really cases of simultaneous thought upon different subjects, but rather instances of rapid alternation of thought from one subject to another,* the memory recording each consecutive state faithfully, so that when the intermittent ideation comes round to a dropped subject, it can at once pick the clue up again at the precise point at which it was before abandoned. That some less complex combination of simultaneous ideation may go on is possibly true, but it is more probable that there is in all cases which are so regarded a real alternation of mental effort, although that alternation may be so extremely rapid as to be imperceptible.

The immediate question, however, which is essential to our subject is how far the distribution of attention, whether really or only apparently simultaneous, affects the mental rate. For a definite result, it is again expedient to appeal to a verbal standard. It will be found upon experiment that although far from being an agreeable operation, it is not very difficult to pass through the mind a certain portion of wellknown verbal matter whilst at the same time engaged in reading another portion, which should of course be equally familiar. The result attained will be nearly constant in its total, but will vary considerably as to the relative quantity of each kind of matter which passes in a given time. There will be usually, as might be expected, more of the matter which is read than of that which is purely mentalised. But the total, taking each at the relative value previously indicated, will be nearly equal, for equal times, to the same total which would have been obtained by successive undivided efforts. So far, therefore, as an inference can be drawn, the area which can be gone over by dividing the attention is in any case no greater than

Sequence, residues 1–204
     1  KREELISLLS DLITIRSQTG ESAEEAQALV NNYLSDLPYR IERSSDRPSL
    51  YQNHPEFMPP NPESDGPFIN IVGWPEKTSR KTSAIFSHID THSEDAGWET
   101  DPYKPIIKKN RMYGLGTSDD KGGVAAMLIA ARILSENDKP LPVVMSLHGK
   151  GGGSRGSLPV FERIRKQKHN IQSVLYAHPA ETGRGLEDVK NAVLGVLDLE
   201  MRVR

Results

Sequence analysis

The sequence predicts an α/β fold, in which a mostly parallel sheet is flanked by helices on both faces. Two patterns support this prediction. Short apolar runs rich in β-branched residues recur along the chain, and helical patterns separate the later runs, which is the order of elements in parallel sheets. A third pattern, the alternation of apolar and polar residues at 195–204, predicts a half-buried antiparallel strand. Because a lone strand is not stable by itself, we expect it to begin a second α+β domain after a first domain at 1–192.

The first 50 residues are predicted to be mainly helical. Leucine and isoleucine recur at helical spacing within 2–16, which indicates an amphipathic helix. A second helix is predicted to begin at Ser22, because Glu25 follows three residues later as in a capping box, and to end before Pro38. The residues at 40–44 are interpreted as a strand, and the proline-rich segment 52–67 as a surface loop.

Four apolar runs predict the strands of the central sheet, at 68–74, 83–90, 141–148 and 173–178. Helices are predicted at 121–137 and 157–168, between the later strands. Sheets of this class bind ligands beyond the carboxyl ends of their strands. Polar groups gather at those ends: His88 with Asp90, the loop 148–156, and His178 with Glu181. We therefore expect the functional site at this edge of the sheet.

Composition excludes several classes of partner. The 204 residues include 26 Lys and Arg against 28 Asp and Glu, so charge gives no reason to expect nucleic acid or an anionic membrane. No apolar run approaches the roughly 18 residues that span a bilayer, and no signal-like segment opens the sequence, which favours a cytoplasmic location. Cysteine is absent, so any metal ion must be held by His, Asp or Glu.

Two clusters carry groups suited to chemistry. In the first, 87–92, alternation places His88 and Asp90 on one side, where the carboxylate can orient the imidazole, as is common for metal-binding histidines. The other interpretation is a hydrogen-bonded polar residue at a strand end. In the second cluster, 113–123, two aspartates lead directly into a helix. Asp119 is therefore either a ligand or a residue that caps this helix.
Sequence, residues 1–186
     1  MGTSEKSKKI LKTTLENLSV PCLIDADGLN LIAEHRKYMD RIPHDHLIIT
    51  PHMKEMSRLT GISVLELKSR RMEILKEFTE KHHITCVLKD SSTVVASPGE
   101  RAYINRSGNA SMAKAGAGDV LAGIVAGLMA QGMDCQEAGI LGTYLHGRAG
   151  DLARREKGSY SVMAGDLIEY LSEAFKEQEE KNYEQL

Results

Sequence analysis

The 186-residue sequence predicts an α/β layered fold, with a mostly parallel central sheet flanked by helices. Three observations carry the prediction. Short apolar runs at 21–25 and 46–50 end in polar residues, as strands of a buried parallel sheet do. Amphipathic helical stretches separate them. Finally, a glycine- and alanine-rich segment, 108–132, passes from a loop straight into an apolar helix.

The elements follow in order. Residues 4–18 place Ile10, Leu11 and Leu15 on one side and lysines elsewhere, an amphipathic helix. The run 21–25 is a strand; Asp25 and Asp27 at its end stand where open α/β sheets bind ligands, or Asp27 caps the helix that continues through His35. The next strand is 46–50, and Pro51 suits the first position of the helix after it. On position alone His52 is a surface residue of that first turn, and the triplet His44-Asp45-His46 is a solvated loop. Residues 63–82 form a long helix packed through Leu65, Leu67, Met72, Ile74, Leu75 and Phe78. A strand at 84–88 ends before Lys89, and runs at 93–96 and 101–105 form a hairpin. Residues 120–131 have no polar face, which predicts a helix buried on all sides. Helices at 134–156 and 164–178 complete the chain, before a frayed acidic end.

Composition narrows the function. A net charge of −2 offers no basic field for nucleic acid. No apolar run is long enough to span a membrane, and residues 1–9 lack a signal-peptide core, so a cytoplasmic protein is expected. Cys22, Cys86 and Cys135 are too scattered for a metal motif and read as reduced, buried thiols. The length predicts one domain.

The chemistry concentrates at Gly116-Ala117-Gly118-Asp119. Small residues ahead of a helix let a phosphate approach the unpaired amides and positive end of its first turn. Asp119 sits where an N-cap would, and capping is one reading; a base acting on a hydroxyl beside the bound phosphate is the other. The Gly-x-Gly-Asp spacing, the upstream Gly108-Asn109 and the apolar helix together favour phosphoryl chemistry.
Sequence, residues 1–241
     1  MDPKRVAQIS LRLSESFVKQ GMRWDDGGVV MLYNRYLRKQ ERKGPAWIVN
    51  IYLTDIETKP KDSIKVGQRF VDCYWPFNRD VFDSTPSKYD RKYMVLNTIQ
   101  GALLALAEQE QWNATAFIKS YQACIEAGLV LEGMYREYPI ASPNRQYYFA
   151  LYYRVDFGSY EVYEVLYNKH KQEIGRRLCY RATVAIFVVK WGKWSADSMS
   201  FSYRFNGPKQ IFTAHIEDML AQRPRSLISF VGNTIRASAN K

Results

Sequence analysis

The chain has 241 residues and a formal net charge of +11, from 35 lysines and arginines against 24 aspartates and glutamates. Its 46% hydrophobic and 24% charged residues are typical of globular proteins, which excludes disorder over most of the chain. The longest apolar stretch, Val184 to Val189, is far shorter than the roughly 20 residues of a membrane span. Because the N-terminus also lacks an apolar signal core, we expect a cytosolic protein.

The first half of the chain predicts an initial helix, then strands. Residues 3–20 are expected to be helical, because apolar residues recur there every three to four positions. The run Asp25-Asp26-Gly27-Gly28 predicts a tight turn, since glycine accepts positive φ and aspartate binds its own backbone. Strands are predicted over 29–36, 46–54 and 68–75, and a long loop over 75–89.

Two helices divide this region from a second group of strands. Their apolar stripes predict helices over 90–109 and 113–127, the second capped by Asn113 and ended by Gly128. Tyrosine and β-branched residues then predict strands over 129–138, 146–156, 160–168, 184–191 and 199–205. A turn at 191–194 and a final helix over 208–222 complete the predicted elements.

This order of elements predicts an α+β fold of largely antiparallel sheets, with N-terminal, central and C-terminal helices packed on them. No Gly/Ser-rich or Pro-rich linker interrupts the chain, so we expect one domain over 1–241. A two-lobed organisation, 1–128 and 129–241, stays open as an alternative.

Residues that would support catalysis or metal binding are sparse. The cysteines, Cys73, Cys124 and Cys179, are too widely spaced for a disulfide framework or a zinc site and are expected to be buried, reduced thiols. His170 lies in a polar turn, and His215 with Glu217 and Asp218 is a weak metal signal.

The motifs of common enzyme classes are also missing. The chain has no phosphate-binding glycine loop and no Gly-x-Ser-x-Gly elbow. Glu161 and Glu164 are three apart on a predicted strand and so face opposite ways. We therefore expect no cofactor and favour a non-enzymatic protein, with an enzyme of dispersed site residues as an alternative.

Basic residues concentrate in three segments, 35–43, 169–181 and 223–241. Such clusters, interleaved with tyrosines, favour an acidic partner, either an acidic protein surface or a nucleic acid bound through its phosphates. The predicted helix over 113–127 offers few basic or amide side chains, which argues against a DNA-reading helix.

In the context of the above passages Professor Williams distinctly enunciates the same view. The article from which these extracts are taken is entitled, "Indian Powers of Memory," and appeared in the Athenæum of March 6th, 1880.